There are two basic types of surge protectors: Primary and Secondary. Primary protectors are required to be installed where the service enters the premise. These protectors are installed by the Telco, cable TV company or Satellite installer. Local engineering practices determine if the power company will install a primary protector at the power service entrance. Here in Florida, the power company does not install primary protection unless the subscriber requests it and is willing to pay an additional monthly fee for that protection. (Unusual, considering that Florida is the lightning capitol of the United States. [toggle soapbox off].)

Secondary protectors are installed in addition to the primary protectors to provide an additional layer of protection. Secondary protectors will normally have a lower breakdown voltage than the primary protectors they are installed behind. Additionally, many secondary protectors will have fuses to open the circuit downstream toward the protected equipment. Some surge protectors will have circuit breakers instead of fuses. While circuit breakers may be able to protect large motor driven appliances, they are all but useless for the protection of electronic equipment due to the inherent lag time to trip and open the circuit. Basically, by the time a circuit breaker trips, the electronic equipment is toast. The exception to this is in 120/240 volt surge protectors that require circuit breakers ahead of the surge protector to open the feed in the event of a long duration surge and to prevent a catastrophic failure of the surge protector.

Surge protectors come in various voltages which must be matched to the circuit to be protected. A 120/240 volt A/C service entrance surge protector will typically have a hot to hot breakdown voltage of 800 volts and a 500 volt breakdown from hot to ground and neutral to ground. A Telco primary surge protector will typically have a breakdown voltage of 350 volts and a LAN surge protector may breakdown with as little as 15 volts. To work properly without false firing and premature failure, a surge protector will need to have a breakdown voltage of at least 250% of the normal operating voltage of the circuit.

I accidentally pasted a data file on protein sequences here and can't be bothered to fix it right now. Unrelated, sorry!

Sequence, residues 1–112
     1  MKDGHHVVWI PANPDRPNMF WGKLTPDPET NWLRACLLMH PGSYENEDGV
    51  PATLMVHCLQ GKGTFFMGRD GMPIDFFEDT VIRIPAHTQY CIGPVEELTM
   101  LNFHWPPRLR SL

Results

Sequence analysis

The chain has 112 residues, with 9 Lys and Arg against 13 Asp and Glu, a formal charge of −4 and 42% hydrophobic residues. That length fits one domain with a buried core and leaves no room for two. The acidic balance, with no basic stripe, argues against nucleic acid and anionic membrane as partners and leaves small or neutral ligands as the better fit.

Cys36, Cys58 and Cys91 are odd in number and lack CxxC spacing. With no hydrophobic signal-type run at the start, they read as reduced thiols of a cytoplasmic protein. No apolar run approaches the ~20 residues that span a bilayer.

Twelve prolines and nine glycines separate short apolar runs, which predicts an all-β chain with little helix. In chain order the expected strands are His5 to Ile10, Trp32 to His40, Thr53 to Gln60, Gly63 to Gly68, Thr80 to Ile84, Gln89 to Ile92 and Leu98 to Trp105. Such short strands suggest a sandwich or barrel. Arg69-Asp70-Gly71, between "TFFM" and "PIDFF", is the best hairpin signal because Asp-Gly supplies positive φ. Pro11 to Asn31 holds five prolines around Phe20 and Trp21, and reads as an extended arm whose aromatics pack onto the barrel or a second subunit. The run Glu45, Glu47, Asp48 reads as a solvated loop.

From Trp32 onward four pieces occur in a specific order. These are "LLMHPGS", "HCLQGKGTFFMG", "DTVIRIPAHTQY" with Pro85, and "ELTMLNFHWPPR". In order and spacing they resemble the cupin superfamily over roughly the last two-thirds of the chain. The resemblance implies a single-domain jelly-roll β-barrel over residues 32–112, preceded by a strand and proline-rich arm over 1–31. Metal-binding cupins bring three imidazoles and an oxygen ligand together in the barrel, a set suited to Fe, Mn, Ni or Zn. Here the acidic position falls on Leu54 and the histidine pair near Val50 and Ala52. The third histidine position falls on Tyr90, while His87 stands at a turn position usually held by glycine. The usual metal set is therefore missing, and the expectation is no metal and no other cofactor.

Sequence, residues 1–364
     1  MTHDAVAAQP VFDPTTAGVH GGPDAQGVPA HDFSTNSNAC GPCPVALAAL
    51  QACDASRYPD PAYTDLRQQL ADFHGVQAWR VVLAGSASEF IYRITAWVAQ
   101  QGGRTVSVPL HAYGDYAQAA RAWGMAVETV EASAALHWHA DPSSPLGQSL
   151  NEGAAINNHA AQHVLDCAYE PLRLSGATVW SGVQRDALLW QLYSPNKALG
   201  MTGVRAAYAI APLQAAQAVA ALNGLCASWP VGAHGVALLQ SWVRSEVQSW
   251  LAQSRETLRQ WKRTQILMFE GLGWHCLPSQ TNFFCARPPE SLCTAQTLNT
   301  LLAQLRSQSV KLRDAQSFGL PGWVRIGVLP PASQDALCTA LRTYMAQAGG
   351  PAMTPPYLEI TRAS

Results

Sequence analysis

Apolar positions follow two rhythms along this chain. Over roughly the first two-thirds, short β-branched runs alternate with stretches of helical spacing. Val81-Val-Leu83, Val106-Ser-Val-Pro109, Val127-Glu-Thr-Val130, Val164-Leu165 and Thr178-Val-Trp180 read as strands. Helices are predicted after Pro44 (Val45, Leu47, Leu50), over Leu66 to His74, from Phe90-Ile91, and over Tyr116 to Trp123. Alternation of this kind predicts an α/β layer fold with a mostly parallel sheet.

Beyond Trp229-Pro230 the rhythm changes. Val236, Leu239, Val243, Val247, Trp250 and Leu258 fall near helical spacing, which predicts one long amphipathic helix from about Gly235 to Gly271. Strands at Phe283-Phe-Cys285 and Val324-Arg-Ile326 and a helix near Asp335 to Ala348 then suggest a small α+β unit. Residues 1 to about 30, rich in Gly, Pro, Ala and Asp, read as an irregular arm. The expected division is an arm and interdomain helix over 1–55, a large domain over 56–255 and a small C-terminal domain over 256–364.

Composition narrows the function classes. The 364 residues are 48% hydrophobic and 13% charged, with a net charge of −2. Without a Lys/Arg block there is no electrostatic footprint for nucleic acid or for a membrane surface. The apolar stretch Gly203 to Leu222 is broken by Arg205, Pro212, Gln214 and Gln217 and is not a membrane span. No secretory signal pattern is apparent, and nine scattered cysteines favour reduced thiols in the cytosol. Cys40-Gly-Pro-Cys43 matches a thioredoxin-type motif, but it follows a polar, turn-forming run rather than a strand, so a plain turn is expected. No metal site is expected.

Power line surge protection:
There are many styles of power line surge protectors. The most common of the 120/240 volt A/C protectors are whole house hardwired and plug-in strip protectors.

By far, the whole house hardwired surge protectors provide the best protection. When a whole house primary surge protector is installed at the service entrance, it will provide a solid first line of defense against surges which enter from the power companys service entrance feed. These types of protectors can absorb/pass considerably more energy than any other type of protector, and if one does catastrophically fail, it will not typically be in a living space. Secondary hardwired surge protectors installed at the distribution panel provide a second line of defense for smaller surges and spikes that may not even fire over the primary protector. Branch circuits that feed outlets to PCs, routers, switches/hubs, modems and any other high ticket electronic device in the premise, should be protected by a hardwired secondary protector.